Now for the educational stuff... I am going to be posting my reflections on this blog as I read through Reading with Meaning by Debbie Miller. I am super-excited about reading this book, because I've heard great things from other teachers and it really gels with my philosophy of learning & teaching! I can't wait to learn how to improve my teaching of reading & writing, and try out my new learning on my 4th graders this year!

I hope to regain my readers, so come on back to my blog and say hello! :)


Friday, November 2, 2012

Mr. B? Who's He?

Did ya miss me?! You know you did!! :)

I know it's been a really long time since I put up a blog post, and for that I apologize. Things have been so crazy in my life that I had to put this little project on the back burner. There is so much to update you on and I have no idea where to start with it all.

I will be posting something this weekend for you all, and it is my hope I can (at least) keep this bad boy updated with a few posts a month. I'm excited about blogging, blog-stalking, and learning from you all so that I can become a better educator.

Hang 10, dudes & dudettes!!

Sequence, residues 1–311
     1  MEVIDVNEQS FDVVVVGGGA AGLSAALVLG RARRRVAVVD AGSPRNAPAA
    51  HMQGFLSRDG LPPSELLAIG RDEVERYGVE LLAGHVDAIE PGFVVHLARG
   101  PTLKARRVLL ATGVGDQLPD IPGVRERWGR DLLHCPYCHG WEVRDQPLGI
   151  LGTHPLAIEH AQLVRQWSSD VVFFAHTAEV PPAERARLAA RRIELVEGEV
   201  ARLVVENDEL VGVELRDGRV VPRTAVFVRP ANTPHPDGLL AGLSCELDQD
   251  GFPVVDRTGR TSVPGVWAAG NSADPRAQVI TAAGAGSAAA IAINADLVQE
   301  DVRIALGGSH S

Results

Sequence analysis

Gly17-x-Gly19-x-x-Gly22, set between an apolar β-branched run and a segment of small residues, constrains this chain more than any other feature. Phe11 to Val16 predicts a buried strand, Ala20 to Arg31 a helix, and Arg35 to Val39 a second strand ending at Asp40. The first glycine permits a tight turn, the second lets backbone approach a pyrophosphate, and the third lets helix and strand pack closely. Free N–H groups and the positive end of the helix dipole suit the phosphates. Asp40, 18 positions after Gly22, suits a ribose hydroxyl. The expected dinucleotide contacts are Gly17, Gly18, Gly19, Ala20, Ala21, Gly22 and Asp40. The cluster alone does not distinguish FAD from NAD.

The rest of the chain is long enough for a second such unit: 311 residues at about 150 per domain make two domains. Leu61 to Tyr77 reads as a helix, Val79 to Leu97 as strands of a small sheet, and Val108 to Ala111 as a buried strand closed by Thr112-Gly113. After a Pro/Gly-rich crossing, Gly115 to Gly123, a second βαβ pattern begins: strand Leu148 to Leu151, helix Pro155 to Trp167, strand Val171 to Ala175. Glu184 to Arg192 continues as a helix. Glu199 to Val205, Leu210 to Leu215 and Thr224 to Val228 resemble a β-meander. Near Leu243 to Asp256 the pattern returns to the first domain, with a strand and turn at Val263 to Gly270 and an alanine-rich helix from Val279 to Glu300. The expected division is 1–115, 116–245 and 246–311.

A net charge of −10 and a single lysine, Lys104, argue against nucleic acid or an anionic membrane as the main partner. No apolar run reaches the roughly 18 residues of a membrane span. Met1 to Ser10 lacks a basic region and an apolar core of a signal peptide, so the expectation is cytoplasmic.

Thursday, July 26, 2012

B2B - Back 2 Blogging!

Howdy everyone!

I know I promised a post once I got back from kids camp, but as you can see, that never happened! I was back on the 20th and just haven't had time to pull a post together for you guys. With that in mind, this post is going to be abbreviated. I am transitioning out of my summer job and back into the classroom! I went out for the first time a couple days ago, and instantly became overwhelmed with the amount of "stuff" that had to be done. Has that ever happened to you? All I knew to do was create a list of to do's and start prioritizing. I will be taking some pics soon and posting them. I cannot wait to take what I've learned from blogging, pinning, and networking, then put it into action in the classroom!

In other news - HOLY BANANAS!! I have 132 followers! How did that happen?! I'm loving it! I'll have to look around and see what freebies I have to celebrate this momentous occasion!

Allrighty, time to stop blogging and get back to work. Stay tuned for more teachery randomness from yours truly! Have a great day! And smile, because tomorrow is FRIDAY!

Sunday, July 15, 2012